The Gospel of St James relates that St Anne and St Joachim had given up all hope of having children but were given a heavenly message that Anne would conceive and bear a girl child.  In thanksgiving for this miracle they vowed to dedicate the child to God.  (Always a little cynical where these things are concerned I wonder at longing to have a child in the house and then vowing to give the child up almost immediately – something doesn’t compute there!) At the age of three they presented her into the care of the priests of the Temple in Jerusalem and she was to remain there until she was twelve years old.   During that time she was prepared for her role as the Mother of God according to the both James and other pseudo-Gospels.  One of her duties in the temple was to make vestments for the priests which would account for the distaff and spindle in this lovely little painting and perhaps also serves as justification for the working of vestments that became the vocation of many of the sisters.

What I found marvelous about this, admittedly, minor oil painting is the way the subject is treated.  This could be any little girl from the countryside, freshly scrubbed and in her Sunday best – it is possible to see young girls dressed in exactly the same way at various religious and secular festival throughout Catalonia.  As was the tradition she has had her ears pierced and she wears a simple strand of coral beads.  At the time it was not uncommon for children to wear a coral necklace as it was thought to ward off illness and the evil eye.   But in Christian iconography coral has a deeper significance as it represents the blood and the sacrifice of Christ.  The painter was transferring what he no doubt saw in front of him to canvas but there was also an underlying message.  This simple little innocent peasant girl, serenely going about her work, was to become the crucible for the salvation of the world. 

Some how I find this more worthy of meditation and reference than all the bejewelled, velvet robed, silver crowned Queens of Heaven that populate the more revered shrines throughout Spain.

February 4 – 1936:  Radium becomes the first radioactive element to be made synthetically.

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Una Joia del Gòtic Català* – Part III

The Monastery Refectory and Kitchen

Though the sisters had their day cells – in some cases elaborately decorated with murals, tapestries and frescoes – much of the life in the Monastery was of a communal nature.  The second floor dormidor was a common sleeping room though it may have been subdivided by wooden or tapestry partitions to allow for some privacy.  Traditionally the sub-prioress would sleep closest the entrance to monitor what was happening in the dormitory and to take attendance.  The dormitory normally had – as it does at Pedralbes – easy access to the Nun’s gallery of the adjacent church as attendance at offices was required as part of the rule of the order.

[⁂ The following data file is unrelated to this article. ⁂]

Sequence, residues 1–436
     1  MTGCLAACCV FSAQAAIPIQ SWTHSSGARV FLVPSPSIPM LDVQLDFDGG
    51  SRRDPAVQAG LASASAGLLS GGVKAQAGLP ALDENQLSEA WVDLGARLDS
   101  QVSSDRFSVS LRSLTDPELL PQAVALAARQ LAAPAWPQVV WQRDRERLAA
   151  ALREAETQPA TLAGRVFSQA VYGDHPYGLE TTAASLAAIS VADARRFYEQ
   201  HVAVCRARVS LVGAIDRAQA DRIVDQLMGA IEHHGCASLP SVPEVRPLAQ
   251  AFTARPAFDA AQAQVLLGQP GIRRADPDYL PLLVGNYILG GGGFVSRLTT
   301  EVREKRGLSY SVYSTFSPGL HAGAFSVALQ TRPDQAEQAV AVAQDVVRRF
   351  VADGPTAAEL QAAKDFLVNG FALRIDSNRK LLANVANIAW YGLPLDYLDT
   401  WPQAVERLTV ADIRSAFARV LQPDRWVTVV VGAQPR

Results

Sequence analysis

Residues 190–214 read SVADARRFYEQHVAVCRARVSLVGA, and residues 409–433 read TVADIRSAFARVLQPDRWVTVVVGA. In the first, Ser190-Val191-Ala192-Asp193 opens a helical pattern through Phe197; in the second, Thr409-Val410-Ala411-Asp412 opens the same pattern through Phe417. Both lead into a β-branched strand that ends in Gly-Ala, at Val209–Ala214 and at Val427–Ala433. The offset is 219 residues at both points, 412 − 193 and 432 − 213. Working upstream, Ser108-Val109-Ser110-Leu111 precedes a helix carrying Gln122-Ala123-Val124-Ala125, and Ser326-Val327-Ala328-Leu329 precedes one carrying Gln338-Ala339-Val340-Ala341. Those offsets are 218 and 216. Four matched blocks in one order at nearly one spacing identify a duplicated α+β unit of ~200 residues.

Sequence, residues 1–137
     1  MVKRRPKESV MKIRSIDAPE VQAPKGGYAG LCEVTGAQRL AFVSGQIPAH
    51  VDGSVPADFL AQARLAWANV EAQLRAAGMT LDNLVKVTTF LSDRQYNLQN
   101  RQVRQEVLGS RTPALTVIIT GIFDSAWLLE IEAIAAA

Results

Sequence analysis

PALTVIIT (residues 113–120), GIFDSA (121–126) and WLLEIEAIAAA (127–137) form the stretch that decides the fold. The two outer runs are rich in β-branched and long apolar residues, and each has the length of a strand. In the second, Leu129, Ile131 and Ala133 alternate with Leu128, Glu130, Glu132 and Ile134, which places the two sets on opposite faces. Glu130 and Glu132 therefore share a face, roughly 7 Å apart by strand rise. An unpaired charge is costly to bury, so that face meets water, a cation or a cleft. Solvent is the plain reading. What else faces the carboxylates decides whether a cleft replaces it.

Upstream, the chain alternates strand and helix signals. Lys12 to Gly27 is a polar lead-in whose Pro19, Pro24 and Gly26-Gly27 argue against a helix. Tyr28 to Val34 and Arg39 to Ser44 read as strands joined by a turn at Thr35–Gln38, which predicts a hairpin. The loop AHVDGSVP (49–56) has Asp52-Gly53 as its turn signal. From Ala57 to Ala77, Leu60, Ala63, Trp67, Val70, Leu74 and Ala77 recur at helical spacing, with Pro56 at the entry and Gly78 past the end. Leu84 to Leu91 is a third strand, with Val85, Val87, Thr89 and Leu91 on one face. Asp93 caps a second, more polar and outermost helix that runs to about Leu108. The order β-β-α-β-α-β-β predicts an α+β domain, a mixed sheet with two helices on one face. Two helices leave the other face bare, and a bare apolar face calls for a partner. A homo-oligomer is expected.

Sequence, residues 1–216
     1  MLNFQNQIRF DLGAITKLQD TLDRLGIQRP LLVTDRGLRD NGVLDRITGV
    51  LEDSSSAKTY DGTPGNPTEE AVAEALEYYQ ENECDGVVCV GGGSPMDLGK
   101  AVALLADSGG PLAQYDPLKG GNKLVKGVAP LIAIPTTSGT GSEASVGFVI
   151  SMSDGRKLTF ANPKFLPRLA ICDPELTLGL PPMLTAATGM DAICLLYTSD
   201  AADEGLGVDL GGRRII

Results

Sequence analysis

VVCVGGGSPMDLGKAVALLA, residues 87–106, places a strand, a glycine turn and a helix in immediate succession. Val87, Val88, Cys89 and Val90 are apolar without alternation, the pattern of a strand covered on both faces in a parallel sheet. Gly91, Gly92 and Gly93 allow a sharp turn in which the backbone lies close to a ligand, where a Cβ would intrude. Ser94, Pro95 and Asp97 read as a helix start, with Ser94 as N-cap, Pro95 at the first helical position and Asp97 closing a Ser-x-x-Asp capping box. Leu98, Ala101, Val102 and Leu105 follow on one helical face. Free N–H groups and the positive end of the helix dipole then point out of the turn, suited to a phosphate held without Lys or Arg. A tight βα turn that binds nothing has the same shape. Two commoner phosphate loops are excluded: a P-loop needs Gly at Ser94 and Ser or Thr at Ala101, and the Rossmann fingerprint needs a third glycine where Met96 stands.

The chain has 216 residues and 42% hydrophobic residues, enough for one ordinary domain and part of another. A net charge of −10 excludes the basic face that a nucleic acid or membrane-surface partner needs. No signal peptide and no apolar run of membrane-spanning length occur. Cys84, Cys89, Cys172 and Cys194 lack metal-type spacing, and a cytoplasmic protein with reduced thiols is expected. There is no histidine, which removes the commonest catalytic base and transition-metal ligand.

The Refectory of the Monastery is on the ground floor and accessible from the North
end of the cloister through a carved wooden grill.

 Meals were also a communal activity and were taken in the ground floor refectory.  At Pedralbes it is accessed through a lovely wood grill; the benches and tables are against the walls and sisters sat in order of position and seniority.  Meals were served by the novices and postulants who ate after the professed sisters had their meal.  Meals were simple – meat was only eaten on major feast days – and taken in silence with one of the sisters assigned to read from a text for the day – perhaps a passage from the Gospels or Letters, The Lives of the Saints, a sermon or a theological treatise.

The sisters sat along the wall and the tables were fixed to the stone floor – you have to wonder
what purpose the rest of the wide open space served?  The lector for the day would read from
the pulpit high up on the left of the room.

There is no adornment in the room other than this crucifix against a wall fresco. The device
at the foot of the cross is the coat of arms of the Monastery.   The field was originally the
personal coat of arms of Queen Elisenda, and combined the striped crest of the counts of
Catalonia, into which she married, and the spotted crest of the house of Montcada.

If the refectory is much as it was and has been for the past 600 years the adjacent kitchen showed the advancements in cooking equipment over several centuries.   There is no sign of the open fireplaces that would have originally been used in the early years – possibly they were bricked up.  But a wonderful collection of old cast iron stoves, modern gas burners and an even older ceramic stove gave hints of how meals were prepared.  Even the tiles gave indication of the passage of time – large stark white tiling that suggested the 1930s, obviously factory made blue and white tiles of the late-19th early-20th century and most notably hand painted tiles from the 17th century.  The later creating one of the most fanciful and charming back splashes I’ve ever seen for the marvelous ceramic stove.